Plots of the distance between centrosomes at the time point immediately before NEBD showed no correlation with NEBD onset time (Fig. 1C), strongly suggesting that the mitotic clock controlling NEBD indeed runs entirely independently of Eg5-driven centrosome separation. As a more direct test, we used EI III, an Eg5-specific small molecule inhibitor (dimethylenastron). EI III specifically inhibits the motor domains of Eg5, driving them, like monastrol (Crevel et al., 2004), into a motor. ADP state that binds only weakly to microtubules (Cochran et al., 2005; Crevel et al., 2004; DeBonis et al., 2003; Luo et al., 2004). In wild type cells, and in our stable mCherry-α−tubulin HeLa cell line also, treatment with 1 µM EI III blocks centrosome separation, producing, as expected from previous studies (Gartner et al., 2005; Mayer et al., 1999; Tanenbaum et al., 2008), mono-astral spindles (Fig. 1D,E). Quantitation reveals that whilst 1 µM EI III substantially reduces the total amount of EGFP-Eg5 that loads to the centrosomes (Fig. 1B), it does not affect either the normalized kinetics of loading, or the duration of the interval between the start-point of Eg5 loading and NEBD (Fig. 1F, yellow box). These data confirm that in mitotic Hela cells, the timing of NEBD is uncoupled from the process of Eg5-driven centrosome separation.
Our data indicate that the interlude between the start of Eg5 loading and NEBD is 9.2 ± 2.9 min (mean ± SD; n=82; Fig. 1B). The existence of this time window for kinesin-5-driven centrosome separation suggested to us that cells race to complete centrosome separation ahead of NEBD, and that prophase pathway cells are those that succeed, whilst prometaphase pathway cells are those that fail. To examine which factors determine success or failure, we next asked whether in cells that lose the race to complete prophase centrosome separation (those that go on to use the prometaphase pathway), any individual process in centrosome separation is especially slow and potentially limiting. We measured three parameters, the time-lag between the start of Eg5 loading and the start of centrosome motion (the lag time), the mean duration of centrosome motion (the translocation time), and the mean velocity of centrosome motion.
The initial lag reduces the time available for centrosome translocation. The mean initial lag is not significantly different (p<0.01) between prophase (3.0±2.0 min, Fig. 2A) and prometaphase pathway cells (4.1±2.8 min, Fig. 2D). It is possible that this initial lag represents the time required for Eg5 to establish active crosslinks between microtubules issuing from opposite poles. Imaging between the nucleus and the substrate allows visualisation of the evolving antiparallel array of sliding microtubules and supports this idea, in that Eg5-mEGFP is seen to enrich specifically to the overlapped region (Fig. 3A to D; supplementary video 1). Immunofluorescent imaging with anti-Eg5 antibodies and anti-α-tubulin confirm that endogenous Eg5 shows the same localisation pattern (Fig. 3E and F). The translocation time, the mean duration of centrosome migration in prophase, is significantly longer in prophase pathway cells than in prometaphase pathway cells (Fig 2B,E, p<0.0001) . The mean velocity of centrosome separation is also significantly increased in prophase pathway cells (Fig. 2C,F, p<0.01). Individual cell histories (Fig. 2G) reveal no obvious correlations between the lag period, the translocation time and the centrosome velocity, indicating that no individual process is dominantly rate-limiting, but rather that cells that fail to complete prophase pole separation tend to show a longer lag, a lower velocity of centrosome separation and a shorter translocation time.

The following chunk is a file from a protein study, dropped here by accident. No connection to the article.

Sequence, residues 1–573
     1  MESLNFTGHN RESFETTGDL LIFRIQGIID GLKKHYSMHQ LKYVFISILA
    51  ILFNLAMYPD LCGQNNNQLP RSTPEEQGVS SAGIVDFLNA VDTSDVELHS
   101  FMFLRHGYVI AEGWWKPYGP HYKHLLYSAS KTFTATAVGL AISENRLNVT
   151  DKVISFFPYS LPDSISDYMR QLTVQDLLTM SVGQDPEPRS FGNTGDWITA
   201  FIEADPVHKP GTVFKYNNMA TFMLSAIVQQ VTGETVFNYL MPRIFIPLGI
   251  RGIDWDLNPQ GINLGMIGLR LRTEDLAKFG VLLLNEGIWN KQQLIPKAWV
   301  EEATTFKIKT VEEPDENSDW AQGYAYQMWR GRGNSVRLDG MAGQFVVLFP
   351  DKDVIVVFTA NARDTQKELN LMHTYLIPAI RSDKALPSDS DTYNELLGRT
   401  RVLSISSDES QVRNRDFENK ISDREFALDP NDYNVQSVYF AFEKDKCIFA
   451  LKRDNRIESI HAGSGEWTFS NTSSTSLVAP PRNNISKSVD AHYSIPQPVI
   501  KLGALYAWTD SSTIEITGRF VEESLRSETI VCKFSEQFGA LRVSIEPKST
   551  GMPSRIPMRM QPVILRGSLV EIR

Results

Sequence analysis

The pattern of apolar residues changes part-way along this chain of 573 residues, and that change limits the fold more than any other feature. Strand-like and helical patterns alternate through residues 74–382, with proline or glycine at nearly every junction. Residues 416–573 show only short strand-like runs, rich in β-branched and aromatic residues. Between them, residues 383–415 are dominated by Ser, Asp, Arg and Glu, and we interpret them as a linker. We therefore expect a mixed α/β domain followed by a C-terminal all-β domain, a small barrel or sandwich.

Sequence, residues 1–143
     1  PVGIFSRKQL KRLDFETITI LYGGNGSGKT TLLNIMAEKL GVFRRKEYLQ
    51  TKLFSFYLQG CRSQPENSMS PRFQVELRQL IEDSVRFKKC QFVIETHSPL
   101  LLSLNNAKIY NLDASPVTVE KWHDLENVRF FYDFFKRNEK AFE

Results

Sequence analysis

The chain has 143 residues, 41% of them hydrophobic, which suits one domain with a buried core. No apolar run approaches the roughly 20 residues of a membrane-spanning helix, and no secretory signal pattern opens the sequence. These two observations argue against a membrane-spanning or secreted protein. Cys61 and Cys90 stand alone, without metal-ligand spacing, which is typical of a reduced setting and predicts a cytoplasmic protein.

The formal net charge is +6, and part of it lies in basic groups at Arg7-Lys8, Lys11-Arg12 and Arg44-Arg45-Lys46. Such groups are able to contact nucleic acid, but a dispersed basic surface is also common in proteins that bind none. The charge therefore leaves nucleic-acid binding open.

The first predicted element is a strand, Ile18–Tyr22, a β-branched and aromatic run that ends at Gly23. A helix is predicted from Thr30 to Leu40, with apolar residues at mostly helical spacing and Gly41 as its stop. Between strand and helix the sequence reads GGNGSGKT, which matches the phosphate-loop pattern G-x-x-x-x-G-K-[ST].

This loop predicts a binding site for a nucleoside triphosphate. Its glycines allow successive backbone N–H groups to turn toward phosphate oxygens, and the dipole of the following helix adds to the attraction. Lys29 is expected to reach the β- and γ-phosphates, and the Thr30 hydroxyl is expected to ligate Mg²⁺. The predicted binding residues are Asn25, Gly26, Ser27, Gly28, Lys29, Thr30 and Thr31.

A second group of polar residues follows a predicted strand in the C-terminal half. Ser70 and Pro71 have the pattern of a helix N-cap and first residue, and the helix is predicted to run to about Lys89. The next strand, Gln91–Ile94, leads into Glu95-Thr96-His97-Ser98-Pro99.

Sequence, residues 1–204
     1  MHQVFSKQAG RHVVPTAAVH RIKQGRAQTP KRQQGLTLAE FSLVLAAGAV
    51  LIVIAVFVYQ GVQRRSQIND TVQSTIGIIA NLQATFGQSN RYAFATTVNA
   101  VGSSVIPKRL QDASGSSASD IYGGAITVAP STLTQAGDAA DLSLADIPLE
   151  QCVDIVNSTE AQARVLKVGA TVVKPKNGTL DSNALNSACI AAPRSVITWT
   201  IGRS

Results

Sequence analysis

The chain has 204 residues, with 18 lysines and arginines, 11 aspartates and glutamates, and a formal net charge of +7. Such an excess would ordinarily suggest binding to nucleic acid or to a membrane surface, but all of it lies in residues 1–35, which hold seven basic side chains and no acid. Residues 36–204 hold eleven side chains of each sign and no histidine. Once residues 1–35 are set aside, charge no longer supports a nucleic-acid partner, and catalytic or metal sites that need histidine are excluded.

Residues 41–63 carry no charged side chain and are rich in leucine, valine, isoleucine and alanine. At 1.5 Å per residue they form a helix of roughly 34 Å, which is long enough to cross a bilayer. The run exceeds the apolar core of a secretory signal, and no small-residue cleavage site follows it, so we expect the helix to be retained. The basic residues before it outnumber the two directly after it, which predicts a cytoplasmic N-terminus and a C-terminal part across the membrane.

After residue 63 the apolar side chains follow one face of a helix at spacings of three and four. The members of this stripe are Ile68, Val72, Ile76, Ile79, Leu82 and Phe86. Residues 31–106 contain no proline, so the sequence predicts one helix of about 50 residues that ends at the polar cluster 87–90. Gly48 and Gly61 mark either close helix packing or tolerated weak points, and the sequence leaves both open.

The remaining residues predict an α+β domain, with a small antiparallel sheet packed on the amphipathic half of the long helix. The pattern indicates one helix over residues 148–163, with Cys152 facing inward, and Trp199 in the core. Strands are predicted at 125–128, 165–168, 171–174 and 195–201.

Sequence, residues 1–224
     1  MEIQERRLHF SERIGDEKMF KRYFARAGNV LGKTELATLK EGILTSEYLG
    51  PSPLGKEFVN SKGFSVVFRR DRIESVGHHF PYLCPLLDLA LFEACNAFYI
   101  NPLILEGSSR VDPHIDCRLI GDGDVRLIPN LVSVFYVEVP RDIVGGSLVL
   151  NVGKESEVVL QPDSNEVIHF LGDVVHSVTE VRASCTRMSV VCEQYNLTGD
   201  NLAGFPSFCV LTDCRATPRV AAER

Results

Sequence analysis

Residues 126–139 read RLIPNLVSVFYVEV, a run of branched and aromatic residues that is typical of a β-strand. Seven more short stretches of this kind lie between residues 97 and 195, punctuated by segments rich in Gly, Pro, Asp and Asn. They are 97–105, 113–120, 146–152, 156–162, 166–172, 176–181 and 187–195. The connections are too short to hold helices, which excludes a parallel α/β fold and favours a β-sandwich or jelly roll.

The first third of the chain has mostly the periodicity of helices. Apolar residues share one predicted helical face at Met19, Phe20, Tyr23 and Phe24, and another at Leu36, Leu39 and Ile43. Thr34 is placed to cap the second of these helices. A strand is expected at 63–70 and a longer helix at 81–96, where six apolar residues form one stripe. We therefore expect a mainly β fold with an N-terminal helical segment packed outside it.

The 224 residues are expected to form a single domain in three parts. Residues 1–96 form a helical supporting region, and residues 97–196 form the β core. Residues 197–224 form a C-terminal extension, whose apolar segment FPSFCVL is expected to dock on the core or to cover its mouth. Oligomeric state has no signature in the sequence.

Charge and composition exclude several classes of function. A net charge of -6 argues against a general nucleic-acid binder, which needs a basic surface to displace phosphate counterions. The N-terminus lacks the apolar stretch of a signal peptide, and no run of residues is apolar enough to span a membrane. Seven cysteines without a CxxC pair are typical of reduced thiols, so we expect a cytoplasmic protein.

Given that centrosome separation in prophase is apparently dispensable, why do cells do it? One possibility is that prophase centrosome separation produces a speed-gain during the subsequent stages of mitosis. Using the initiation of Eg5 loading to the centrosomes as a marker in mitotic time, we find, consistent with previous work (Toso et al., 2009) that prophase pathway cells form bipolar spindles 3–4 min more quickly than prometaphase pathway cells (Fig. 4A). This small time advantage, in a total of ∼30 minutes, might provide a drive towards the prophase pathway. But we suspected a second possibility, that prophase centrosome separation improves the overall fidelity of mitotic chromosome segregation.
Previous work has shown that if cells are blocked in a monopolar state with Eg5 inhibitors, and then released, there is a concurrent increase in the incidence of segregation errors (Mailhes et al., 2004; Thompson and Compton, 2008), seen as lagging chromosomes during anaphase (Bakhoum et al., 2009). This increased error rate is thought to be a consequence of an increased number of merotelic microtubule-kinetochore attachments, that in turn are caused by the monopolar spindle geometry. However, inhibition-release experiments do not test whether the transient monopolar state (bracketed state in Fig. 4A) that occurs during normal, unperturbed, bipolar spindle formation via the prometaphase pathway also causes an increase in anaphase segregation errors. To test this possibility, we followed mitosis by live cell imaging in a large number of cells and determined firstly whether each cell used the prophase pathway or prometaphase pathway and secondly whether each subsequently made a segregation error (seen as one or more lagging chromosomes) during anaphase. In 3 independent experiments on a total of 1388 mitotic HeLa cells, we found a total of 21 lagging chromosomes (see representative movie frames in Fig. 4C). Of these, a total of 5/685 prophase pathway cells (∼0.7%) showed a lagging chromosome and a total of 16/703 prometaphase pathway cells (∼2.3%) showed a lagging chromosome. These data reveal, crucially, that prophase centrosome separation indeed increases the fidelity of chromosome segregation.